Tilt your pan a bit until some of the heated oil pools in the corner and spoon a bit of that oil over each biscuit.

This will get us nice and crunchy tops!

Here are our drop biscuits all ready to go.

These are pretty good sized ones and this recipe ended up making about eight of them.

If you make them a little smaller you could get a dozen.

Bake at 425 until golden brown, 10-15 minutes.

Drop Biscuits with Buttermilk

Serve warm with butter, jelly, or homemade apple butter! YUM!
Prep Time: 10 minutes
Cook Time: 15 minutes
Total Time: 25 minutes
Course: Appetizer
Cuisine: American
Keyword: biscuits
Calories: 191kcal


  • 2 cups self rising flour
  • 1 cup buttermilk any milk will do
  • 1/2 cup vegetable shortening I used coconut oil but use what you like


  • Preheat oven to 425. Pour a thin layer of oil to cover the bottom of a large baking pan and place in oven to heat.
  • Cut shortening into flour well. Pour buttermilk in and stir until wet – add a little more milk if needed.
  • Drop by large spoonfuls onto well heated pan and spoon a bit of hot oil over each one.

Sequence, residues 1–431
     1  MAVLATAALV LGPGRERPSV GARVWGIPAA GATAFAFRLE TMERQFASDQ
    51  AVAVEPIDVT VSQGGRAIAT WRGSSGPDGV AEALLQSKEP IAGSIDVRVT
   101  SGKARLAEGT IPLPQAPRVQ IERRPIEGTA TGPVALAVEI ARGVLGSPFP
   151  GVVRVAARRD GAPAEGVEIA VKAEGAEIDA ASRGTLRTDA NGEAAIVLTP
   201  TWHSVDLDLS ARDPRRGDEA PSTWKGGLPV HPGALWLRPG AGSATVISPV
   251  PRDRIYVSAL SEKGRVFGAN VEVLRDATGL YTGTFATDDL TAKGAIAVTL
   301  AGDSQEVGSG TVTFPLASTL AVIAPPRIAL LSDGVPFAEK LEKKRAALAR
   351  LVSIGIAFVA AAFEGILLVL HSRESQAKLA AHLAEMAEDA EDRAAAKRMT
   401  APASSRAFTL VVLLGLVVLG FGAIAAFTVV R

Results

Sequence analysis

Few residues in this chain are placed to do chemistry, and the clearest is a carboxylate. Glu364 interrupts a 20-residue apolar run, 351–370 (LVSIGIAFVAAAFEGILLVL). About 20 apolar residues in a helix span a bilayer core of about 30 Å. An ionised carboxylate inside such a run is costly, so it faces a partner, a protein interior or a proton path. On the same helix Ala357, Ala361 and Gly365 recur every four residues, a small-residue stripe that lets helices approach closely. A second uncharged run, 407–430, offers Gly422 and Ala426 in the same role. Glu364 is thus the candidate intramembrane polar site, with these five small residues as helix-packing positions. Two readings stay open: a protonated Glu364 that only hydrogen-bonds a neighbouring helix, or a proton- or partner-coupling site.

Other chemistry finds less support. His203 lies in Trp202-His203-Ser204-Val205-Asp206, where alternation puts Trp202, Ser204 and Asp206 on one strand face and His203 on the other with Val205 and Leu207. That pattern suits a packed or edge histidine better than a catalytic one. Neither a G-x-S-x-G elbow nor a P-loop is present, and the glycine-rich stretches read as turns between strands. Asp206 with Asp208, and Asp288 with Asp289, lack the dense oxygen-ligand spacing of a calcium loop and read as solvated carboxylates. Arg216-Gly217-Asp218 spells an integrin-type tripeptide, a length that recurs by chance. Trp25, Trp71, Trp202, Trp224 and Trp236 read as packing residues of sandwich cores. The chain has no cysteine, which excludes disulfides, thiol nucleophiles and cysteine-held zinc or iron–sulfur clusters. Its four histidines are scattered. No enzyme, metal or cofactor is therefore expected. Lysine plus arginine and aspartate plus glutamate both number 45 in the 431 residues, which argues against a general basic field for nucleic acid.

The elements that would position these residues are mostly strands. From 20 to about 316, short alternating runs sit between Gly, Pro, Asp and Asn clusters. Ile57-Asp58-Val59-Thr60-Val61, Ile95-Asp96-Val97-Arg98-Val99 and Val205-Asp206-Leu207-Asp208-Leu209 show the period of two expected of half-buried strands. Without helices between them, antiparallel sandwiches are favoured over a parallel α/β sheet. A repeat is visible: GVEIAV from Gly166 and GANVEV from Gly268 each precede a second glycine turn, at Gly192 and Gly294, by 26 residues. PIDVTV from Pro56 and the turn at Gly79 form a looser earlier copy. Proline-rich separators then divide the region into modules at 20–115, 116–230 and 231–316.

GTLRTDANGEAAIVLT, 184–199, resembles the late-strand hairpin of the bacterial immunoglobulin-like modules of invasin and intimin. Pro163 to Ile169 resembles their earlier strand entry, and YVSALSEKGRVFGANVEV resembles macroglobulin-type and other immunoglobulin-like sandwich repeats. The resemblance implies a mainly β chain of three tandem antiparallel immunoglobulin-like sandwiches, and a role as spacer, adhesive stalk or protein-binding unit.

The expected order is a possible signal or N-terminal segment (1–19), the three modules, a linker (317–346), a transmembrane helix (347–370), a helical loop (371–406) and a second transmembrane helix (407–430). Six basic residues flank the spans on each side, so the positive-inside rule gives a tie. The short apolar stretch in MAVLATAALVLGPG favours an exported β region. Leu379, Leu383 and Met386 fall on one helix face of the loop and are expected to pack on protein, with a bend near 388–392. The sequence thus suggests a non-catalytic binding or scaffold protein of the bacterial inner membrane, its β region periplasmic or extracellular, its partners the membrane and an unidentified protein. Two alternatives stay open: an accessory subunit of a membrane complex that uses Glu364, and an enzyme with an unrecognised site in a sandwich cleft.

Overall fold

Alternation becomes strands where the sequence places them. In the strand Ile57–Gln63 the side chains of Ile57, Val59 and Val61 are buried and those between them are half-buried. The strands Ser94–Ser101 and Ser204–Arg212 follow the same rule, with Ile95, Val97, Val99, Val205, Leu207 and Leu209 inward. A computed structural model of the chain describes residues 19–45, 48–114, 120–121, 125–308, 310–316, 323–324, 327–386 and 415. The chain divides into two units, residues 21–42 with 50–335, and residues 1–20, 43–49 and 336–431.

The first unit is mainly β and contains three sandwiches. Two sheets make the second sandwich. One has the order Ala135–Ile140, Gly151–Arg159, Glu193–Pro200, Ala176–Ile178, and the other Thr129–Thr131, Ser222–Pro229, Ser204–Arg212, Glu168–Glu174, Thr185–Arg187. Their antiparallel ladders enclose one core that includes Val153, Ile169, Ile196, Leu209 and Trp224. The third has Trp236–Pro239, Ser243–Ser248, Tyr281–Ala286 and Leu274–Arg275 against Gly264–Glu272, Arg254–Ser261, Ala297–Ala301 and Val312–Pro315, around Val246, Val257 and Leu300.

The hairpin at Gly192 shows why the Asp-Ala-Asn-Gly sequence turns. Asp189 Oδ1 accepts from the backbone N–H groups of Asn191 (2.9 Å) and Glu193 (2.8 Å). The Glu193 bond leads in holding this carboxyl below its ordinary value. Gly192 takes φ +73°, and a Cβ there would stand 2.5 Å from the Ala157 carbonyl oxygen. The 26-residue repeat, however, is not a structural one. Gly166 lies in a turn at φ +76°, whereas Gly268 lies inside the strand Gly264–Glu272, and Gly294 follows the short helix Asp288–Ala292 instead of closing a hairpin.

• Bake for ten to fifteen minutes or until browned.


Calories: 191kcal
Tried this recipe?Mention @southernplate or tag #southernplate!

You may also enjoy these biscuit recipes:

Sausage Biscuit with Cheese Southern Style

Buttermilk Biscuit Recipe Light and Buttery

Pimento Cheese Biscuits

Garlic Cream Biscuits with Bacon Gravy


Happiness is like potato salad,

when shared with others – it becomes a picnic!

Submitted by Southern Plate reader, Kathi.


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  1. My daddy was a carpenter and had to leave for work very early every morning. Momma made a full breakfast of bacon and eggs and hot biscuits every single morning for us, but mainly for Daddy, knowing he’d need it. I have two funny and sweet memories tied to her delicious breakfasts. One, is that Daddy always took the whole plate of biscuits, every morning, and one by one, buttered them and transferred them to HIS plate (just swapping plates). We often had visiting preachers come and spend the night with us. One time, Daddy was buttering the biscuits as usual, and the elderly preacher said, “Sister Dorothy, would you pass me those biscuits before Brother Rex eats every one of them?” The other funny memory for me, is that I always thought that the TOAST that my friends had for breakfast was something exotic. I didn’t eat toast until I was 10 or 12 years old! 🙂